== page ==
What type of investments do they have? Complex structures imply specialist advice.
 Did they previously file US returns from abroad? If so, they knew they had to.
 Someone who should have known that they were supposed to file, but remained intentionally ignorant by not asking obvious questions, will be considered by the IRS to show reckless disregard and willful blindness. Someone who has a financial planner will very often not meet the Streamlined Procedure criteria for non-willfulness.

The Pros And Cons Of The Streamlined Procedure

The Pros

Those who meet the requirements of the Streamlined Procedure will be allowed to catch-ut with:

  • No accuracy-related penalty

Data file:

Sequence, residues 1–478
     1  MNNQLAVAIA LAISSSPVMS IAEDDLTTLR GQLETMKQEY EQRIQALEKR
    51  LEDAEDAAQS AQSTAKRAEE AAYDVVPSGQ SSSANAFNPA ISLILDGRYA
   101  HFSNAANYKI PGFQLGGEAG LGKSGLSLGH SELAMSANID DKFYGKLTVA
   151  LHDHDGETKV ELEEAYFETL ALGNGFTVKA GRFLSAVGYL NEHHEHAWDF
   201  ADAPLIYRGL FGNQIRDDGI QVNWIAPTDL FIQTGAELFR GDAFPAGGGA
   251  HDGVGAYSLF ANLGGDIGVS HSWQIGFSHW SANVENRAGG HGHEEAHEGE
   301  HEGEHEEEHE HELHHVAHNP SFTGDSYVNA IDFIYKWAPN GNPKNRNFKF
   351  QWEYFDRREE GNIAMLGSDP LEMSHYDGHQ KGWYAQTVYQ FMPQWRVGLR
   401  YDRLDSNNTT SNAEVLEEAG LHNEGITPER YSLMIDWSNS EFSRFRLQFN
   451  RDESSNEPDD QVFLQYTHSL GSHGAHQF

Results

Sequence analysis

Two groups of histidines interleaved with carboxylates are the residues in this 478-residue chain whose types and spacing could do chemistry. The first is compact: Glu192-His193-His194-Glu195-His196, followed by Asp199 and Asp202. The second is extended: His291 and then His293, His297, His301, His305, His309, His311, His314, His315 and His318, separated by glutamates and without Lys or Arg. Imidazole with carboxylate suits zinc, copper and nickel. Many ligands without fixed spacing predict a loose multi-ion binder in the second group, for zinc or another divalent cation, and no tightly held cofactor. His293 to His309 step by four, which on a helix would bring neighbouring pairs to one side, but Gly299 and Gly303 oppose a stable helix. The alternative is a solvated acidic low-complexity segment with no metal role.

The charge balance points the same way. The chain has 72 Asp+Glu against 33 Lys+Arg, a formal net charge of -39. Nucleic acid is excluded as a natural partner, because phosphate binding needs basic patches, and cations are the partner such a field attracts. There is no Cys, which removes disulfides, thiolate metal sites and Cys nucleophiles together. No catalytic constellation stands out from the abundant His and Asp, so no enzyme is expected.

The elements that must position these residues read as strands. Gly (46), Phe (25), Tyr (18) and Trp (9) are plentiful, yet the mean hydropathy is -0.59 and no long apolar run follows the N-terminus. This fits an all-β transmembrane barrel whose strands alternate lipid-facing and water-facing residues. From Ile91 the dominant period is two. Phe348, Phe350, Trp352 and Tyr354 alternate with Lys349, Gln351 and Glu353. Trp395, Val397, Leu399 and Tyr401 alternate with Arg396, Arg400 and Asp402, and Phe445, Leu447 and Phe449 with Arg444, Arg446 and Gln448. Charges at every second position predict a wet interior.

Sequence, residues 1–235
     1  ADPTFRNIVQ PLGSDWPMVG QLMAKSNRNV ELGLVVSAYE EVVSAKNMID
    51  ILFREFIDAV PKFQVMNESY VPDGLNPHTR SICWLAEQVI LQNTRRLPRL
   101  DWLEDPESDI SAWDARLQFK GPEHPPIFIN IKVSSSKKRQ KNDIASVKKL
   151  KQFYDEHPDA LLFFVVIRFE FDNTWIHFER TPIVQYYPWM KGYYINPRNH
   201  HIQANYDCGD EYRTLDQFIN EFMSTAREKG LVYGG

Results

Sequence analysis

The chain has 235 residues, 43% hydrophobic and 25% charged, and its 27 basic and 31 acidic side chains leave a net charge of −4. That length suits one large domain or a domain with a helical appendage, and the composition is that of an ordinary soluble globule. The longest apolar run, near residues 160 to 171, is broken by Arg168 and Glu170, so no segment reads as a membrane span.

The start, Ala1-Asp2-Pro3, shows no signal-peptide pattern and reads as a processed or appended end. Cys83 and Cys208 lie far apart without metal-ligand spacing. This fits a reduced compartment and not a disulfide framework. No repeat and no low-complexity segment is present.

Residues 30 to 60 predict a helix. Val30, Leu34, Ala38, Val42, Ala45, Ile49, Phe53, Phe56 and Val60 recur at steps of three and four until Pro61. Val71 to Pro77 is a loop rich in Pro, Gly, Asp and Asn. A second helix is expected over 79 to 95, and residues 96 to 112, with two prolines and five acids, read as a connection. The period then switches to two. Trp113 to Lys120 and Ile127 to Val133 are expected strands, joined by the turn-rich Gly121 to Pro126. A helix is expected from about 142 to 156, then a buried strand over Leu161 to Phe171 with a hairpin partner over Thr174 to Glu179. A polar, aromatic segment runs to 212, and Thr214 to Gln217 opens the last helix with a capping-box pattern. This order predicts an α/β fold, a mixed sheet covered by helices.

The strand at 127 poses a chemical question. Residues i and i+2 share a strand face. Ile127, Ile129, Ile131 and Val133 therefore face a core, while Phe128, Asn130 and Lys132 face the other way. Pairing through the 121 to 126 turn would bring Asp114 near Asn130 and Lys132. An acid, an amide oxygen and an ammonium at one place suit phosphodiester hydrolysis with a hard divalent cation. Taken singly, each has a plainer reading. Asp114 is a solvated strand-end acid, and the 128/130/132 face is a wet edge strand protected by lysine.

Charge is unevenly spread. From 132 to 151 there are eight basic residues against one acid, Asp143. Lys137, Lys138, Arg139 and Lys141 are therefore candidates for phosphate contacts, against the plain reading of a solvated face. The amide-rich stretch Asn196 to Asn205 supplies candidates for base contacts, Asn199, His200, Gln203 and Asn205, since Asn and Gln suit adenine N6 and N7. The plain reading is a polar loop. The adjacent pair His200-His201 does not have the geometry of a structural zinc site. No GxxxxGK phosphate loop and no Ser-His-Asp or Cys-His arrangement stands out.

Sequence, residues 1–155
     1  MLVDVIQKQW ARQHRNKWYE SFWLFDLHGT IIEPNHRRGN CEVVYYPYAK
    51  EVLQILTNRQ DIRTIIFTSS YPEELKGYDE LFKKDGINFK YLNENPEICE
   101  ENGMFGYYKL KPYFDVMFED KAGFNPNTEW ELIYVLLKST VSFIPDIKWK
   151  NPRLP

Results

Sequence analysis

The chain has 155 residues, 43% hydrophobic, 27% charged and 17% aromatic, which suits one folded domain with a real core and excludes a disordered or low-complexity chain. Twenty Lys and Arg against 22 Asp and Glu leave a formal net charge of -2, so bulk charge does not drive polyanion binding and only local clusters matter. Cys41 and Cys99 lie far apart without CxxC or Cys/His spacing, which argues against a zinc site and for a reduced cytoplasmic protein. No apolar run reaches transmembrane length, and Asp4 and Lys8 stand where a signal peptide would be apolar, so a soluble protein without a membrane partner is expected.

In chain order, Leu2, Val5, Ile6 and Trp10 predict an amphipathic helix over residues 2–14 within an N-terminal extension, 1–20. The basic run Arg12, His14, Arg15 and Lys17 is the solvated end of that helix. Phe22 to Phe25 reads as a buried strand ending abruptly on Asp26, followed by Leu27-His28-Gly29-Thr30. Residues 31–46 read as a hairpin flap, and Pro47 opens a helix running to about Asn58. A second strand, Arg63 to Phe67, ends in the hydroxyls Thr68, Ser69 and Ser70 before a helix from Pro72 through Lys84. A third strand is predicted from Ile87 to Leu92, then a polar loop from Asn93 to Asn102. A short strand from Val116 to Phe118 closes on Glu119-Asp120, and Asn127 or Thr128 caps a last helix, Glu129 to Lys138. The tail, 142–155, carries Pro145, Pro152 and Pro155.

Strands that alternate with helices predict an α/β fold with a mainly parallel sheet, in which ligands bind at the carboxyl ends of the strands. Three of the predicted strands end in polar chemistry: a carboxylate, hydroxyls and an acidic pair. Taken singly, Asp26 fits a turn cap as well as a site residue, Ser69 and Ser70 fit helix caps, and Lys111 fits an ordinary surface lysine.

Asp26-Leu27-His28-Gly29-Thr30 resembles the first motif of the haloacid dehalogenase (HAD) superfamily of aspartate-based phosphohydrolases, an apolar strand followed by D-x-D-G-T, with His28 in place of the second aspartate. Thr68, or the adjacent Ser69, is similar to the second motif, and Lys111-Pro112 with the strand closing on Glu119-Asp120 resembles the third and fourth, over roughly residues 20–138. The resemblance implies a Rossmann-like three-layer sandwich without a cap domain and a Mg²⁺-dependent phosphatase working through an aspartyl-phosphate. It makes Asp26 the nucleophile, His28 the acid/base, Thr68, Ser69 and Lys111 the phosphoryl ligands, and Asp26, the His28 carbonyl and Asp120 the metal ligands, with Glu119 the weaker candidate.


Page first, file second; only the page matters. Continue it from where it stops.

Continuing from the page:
• No late filing of information returns penalty
  • No late filing of the FBAR penalty
  • No late filing penalty
  • No late payment penalty

The Cons

  1. Ex-pats who owe US taxes after catching-up with their US tax filing will have to pay interest on their back tax payments. Most expats won’t owe anything after they have claimed provisions like the Foreign Tax Credit and the Foreign Earned Income Exclusion.
  2. The Streamlined Procedure is not an amnesty program. For those who are innocent of wrongdoing, it is a straightforward and penalty-free path to compliance. But, ex-pats are not protected against future scrutiny or even prosecution related to non-compliant years. If evidence of wrongdoing arises later, the IRS can still investigate more deeply into the expat’s historical finances.